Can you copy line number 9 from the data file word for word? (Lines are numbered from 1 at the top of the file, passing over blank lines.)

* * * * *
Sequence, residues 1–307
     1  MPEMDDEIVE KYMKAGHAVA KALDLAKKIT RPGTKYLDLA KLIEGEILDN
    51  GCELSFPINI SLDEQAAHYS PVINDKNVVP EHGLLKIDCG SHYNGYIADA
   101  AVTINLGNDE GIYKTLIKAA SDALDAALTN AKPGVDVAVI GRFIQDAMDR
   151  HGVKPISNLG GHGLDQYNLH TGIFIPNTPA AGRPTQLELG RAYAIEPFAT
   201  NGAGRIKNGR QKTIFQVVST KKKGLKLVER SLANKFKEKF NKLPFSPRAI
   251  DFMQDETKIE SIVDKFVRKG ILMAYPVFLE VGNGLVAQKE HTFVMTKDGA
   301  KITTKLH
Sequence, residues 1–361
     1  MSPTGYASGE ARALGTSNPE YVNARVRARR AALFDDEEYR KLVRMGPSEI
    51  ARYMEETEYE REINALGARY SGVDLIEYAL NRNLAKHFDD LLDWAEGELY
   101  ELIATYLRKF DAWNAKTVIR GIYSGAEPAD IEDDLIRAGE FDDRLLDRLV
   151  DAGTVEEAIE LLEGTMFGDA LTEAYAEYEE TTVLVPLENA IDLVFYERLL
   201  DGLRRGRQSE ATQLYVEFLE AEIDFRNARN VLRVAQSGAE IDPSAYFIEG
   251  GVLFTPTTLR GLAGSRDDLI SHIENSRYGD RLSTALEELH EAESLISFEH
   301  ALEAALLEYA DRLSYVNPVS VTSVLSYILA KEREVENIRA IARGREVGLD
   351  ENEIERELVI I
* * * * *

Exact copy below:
Sequence, residues 1–361